US consumer prices overshoot estimates once again
US consumer prices have revealed an unsettling truth for Washington: the Treasury's policies are not working.
US consumer prices saw a 0.4% hike in September, rising four times faster than in August and twice as much as experts had predicted, US Labor Department data showed, which suggests that the United States will see an uptick in the Federal Reserve's combat of inflation, meaning interest rates are likely to increase yet again.
The Consumer Price Index, or CPI, was expected to increase by a mere 0.2% last month as opposed to 0.1% in August, according to economists surveyed by US media.
The Labor Department, however, said the CPI saw a minor contraction in the year to September, rising by 8.2% as opposed to an 8.3% rise in the year to August.
The Labor Department said for the year though, the CPI contracted modestly in the 12 months to September, growing by 8.2% from an 8.3% expansion in the year to August.
The Fed has been struggling as inflation had it in the corner for over a year now as the annual CPI rate loitering around the 4-decade peak of 9.1% in June.
At the start of 2020, the outstanding US debt had increased by over $8 trillion. And then in 8 months, it had increased yet another $1 trillion.
US national outstanding debt exceeded $31 trillion for the first time in its history according to the US Treasury. This comes at a time when the US is faced with all-time high inflation coupled with high-interest rates, all of which deepen the economic uncertainty problem that the government, businesses, and people are all facing.
The Committee for a Responsible Fiscal Budget (CRFB) forecasted last month that President Joe Biden's policies might raise deficits by $4.8 trillion between 2021 and 2031.
The economic situation which is affecting the financial standpoints of American families and businesses is burdening Biden's popularity, which will affect his chances of winning the midterm congressional elections which will take place in early November.
The US central bank hiked interest rates by 300 basis points in the past seven months to try and cool flaming hot inflation, and it is expected to add an additional 125 basis points before 2023.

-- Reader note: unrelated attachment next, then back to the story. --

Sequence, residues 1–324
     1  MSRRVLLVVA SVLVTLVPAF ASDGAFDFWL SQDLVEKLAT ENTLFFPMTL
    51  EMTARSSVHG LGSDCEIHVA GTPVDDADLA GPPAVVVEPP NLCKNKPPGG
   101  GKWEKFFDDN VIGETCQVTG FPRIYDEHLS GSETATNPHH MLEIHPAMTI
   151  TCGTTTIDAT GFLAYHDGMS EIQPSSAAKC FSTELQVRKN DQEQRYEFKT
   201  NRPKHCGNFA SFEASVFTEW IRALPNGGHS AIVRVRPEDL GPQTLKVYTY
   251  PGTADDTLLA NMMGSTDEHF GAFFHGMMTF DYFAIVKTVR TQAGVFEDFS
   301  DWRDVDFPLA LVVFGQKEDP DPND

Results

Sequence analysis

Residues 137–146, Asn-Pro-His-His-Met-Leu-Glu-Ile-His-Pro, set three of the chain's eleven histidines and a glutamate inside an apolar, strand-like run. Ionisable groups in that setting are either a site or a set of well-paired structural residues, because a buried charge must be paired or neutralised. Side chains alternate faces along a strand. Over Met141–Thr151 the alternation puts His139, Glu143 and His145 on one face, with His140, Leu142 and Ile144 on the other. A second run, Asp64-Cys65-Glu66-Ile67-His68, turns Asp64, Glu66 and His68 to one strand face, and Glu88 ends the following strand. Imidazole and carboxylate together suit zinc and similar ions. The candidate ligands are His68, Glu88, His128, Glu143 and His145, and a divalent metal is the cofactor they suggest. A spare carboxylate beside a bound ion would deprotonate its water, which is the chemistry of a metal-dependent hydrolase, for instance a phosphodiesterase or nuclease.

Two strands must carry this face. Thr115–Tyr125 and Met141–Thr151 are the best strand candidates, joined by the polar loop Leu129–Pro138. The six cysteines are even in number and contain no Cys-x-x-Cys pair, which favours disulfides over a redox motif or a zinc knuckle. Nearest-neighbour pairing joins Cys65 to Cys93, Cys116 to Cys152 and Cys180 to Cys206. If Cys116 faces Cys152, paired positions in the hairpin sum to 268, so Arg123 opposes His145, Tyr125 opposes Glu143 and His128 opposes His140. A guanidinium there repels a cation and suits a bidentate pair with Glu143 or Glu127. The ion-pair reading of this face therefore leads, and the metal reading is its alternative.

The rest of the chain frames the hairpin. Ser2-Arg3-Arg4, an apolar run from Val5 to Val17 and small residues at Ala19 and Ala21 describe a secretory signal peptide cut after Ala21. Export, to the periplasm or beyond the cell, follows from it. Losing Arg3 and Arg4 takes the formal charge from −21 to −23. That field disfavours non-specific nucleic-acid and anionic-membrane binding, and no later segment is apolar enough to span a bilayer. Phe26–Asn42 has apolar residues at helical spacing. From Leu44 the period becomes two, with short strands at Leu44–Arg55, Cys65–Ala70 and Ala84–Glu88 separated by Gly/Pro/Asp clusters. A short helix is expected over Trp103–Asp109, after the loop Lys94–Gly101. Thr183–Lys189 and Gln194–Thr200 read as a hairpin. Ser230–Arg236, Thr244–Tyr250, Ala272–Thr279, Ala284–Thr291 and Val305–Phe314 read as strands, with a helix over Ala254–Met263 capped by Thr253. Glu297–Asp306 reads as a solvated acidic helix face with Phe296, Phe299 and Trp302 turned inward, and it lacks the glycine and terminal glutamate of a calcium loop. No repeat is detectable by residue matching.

The latest CPI data could see the Treasury pushing for an interest rate increase of 100 basis points instead of the 75 the Fed was aiming to add in November, some economists have said.
“The market is now pricing in a 13% chance of 100 bps [hike] on Nov 2,” economist Adam Button said in a comment posted on the Forex Live forum.
The International Monetary Fund warned in late July that given the numerous risks the United States is facing, the country only has a meager chance of averting an economic slump.
"It's a very narrow path," IMF chief economist Pierre-Olivier Gourinchas said. "The current environment suggests that the likelihood that the US economy can avoid a recession is actually quite narrow."
Wall Street’s S&P500 index for the top 500 US stocks was poised to tumble for a seventh day in a row at Thursday’s open.
Energy prices have risen 34.6% over the past year, the fastest since September 2005, food prices have increased 10.1%, and the cost of fuel oil increased by more than two-fold, soaring 106.7% - the largest increase in the history of the consumer price index. A gallon of gas across the US reached $5 nationwide for the first time in history, setting a new record for oil prices.
US mortgage rates, meanwhile, saw a hike that culminated in them sitting comfortably at 6.7% two weeks ago, their highest levels in 15 years.